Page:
Another remarkable watch from Patek Philippe with a salmon dial is the ref. 5320G, which belongs to the Grand Complications collection. Introduced in 2017, this model is equipped with the automatic in-house caliber 324 S Q. It boasts a perpetual calendar with day of the week, month, leap year, and day/night indicators, as well as a pointer date, moon phase display, and central seconds. The power reserve clocks in at 45 hours.
Like the 5172G, the dial is made of rose gold and features applied Arabic indices and syringe-shaped hands. While Patek Philippe lists the 40-mm white gold watch for $97,580, market prices for new copies are closer to $85,000.
Rolex Datejust & Air King With Salmon Dials
Rolex has offered a number of different models sporting salmon dials over the years. On more modern timepieces, however, the hue tends to be closer to a dusty pink. A good example is the current Rolex Datejust 36 ref. 126234. The case and bracelet of the 36-mm Datejust are made of stainless steel, but the fluted bezel is crafted from white gold. More opulence is found on the dial: applied Roman numerals, with the 6 and 9 glistening in 18-karat gold complete with 24 diamonds.
The timepiece is powered by the Rolex caliber 3235, which offers the wearer a 70-hour power reserve, and has a depth rating of 100 m (328 ft). Prices on the secondary market came in at around $16,000 in mid-2023.
The Datejust ref. 1601 was in production until the mid-1970s. The version we’re interested in has a white gold bezel and, of course, a salmon dial. The applied line indices lend the watch a particular air of elegance, and inside the case, you’ll find the caliber 1575 oscillating at a leisurely 19,800 vph. It comes as no surprise that the Datejust is paired with a five-piece link Jubilee bracelet with polished center links. It can be yours for around $6,600.
Measuring only 34 mm, the Rolex Air King 14000 with a salmon dial is a great unisex watch. Rolex produced this model from 1989 to around 2007, and it was the first Air King to have a sapphire crystal. The reference’s most recognizable details are the applied bar indices, which are broken up by Arabic numerals at 3, 6, and 9 o’clock, earning it the nickname “3, 6, 9 Dial.” A polished bezel surrounds the dial. The Rolex caliber 3000 ticks away inside the case for up to 42 hours uninterrupted, while the stainless steel Oyster bracelet ensures the watch’s sporty undertones don’t go unnoticed. Prices for the Air King 14000 are quite affordable by Rolex standards, coming in around the $5,000 mark.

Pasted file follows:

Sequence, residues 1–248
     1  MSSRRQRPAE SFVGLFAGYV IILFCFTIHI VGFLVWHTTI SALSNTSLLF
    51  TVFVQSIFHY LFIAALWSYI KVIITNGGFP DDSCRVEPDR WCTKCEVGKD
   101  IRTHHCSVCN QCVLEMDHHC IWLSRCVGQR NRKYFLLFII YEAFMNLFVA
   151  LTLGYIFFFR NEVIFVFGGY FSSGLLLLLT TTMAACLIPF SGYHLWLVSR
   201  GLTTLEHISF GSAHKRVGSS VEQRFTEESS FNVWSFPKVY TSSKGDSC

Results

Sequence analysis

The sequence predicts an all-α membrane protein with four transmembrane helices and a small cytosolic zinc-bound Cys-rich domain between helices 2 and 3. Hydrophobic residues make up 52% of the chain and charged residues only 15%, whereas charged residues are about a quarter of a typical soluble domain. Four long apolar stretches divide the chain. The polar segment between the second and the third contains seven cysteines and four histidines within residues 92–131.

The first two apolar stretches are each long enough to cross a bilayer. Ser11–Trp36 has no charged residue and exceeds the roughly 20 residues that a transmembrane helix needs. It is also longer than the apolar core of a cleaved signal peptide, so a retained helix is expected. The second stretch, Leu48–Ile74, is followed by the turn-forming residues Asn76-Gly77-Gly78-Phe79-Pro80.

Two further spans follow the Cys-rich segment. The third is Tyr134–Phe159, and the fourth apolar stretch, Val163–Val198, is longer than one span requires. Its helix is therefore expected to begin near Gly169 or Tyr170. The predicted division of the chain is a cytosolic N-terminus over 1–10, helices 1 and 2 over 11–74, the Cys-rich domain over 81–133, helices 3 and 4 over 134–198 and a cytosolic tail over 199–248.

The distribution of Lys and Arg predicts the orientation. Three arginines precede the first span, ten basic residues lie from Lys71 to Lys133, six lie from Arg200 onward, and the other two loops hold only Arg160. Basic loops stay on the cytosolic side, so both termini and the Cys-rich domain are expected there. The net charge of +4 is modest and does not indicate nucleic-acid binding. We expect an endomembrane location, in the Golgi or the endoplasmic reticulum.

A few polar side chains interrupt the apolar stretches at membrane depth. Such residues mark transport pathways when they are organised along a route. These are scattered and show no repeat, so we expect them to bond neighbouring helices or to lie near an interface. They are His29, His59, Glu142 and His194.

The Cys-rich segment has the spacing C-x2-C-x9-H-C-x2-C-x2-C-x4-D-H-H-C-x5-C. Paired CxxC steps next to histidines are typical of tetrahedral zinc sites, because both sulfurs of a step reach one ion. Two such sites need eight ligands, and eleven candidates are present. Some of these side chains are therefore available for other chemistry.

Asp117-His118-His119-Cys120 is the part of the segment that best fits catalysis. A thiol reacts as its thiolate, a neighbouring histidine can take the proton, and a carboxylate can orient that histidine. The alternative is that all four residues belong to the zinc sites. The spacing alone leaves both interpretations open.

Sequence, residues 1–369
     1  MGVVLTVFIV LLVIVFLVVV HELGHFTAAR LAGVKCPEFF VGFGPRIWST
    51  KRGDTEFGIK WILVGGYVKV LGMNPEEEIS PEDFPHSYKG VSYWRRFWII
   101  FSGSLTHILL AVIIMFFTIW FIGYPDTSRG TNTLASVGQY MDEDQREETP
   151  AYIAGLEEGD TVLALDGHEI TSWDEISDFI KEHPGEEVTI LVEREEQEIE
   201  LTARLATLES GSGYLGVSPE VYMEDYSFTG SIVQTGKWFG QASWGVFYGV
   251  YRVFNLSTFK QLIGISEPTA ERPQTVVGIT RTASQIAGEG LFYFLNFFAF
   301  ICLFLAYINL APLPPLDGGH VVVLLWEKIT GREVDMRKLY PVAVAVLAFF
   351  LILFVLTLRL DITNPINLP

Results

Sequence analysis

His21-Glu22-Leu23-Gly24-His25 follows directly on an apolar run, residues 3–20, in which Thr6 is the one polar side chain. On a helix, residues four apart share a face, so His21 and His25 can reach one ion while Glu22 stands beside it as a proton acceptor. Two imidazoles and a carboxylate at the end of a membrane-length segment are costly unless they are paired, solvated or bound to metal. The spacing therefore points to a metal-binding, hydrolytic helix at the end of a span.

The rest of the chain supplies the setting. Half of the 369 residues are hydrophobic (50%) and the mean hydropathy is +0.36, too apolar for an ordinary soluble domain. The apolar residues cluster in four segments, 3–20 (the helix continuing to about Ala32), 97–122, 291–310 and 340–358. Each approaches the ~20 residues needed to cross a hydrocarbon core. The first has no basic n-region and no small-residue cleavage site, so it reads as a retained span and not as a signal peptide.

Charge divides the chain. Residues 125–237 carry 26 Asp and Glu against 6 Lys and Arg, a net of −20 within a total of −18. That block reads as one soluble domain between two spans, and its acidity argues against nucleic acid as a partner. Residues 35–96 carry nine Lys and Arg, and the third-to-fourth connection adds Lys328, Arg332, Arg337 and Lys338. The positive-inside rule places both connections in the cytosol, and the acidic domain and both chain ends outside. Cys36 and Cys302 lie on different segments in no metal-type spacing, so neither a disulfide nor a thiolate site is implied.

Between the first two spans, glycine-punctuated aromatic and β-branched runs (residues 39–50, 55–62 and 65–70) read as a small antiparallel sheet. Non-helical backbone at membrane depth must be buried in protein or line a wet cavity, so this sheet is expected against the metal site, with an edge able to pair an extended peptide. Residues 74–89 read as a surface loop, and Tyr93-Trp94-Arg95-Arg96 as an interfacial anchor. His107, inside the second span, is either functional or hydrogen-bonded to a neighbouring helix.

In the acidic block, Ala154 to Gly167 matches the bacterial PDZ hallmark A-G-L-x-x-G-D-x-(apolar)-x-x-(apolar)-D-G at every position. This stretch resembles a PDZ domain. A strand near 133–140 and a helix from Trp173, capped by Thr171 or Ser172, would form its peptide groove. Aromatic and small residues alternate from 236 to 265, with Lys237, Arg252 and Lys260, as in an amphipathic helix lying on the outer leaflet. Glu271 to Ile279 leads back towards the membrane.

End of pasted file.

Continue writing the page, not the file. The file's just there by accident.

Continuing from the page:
Moritz Grossmann Central Second
Moritz Grossmann is a well-kept secret among aficionados of high-class luxury watches. The brand’s history dates back to 1854, when watchmaker Moritz Grossmann founded his small watchmaking workshop in Glashütte, Germany. Production focused on high-quality pocket watches until his death in 1878, when the manufacturer disappeared into obscurity for over a century.
It wasn’t until 2008 that watchmaker Christine Hutter resurrected the brand, launching horological works of art that could hold their own with any of the big names in the industry. One of these masterpieces is the Moritz Grossmann Central Second, which is also available with a salmon dial. The only drawback is that the watch is strictly limited to 25 pieces, so it’s not easy to come by.
The Moritz Grossmann Central Second is 41 mm and made of stainless steel. The dial is intentionally kept very simple; the narrow Arabic indices are printed as luminous material directly on the solid silver plate. The time is displayed centrally via tempered, lance-shaped hands and the minute scale encircling the dial.
The watch is powered by the manual in-house caliber 100.11. This movement has a number of exclusive features, including the Grossmann manual winder with a pusher on the right side of the case. A short pull on the crown switches the mechanism to hand-setting mode and stops the movement. The caliber oscillates at a comfortable 18,000 vph and offers a 42-hour power reserve. The watch is paired with a hand-stitched brown leather strap. When I was writing this article, there was one listing for this watch on Chrono24 for $35,000
This brings us to the end of our list of interesting luxury watches with salmon dials. I’m curious to see if the trend will continue in 2024 and if more exciting models are in store.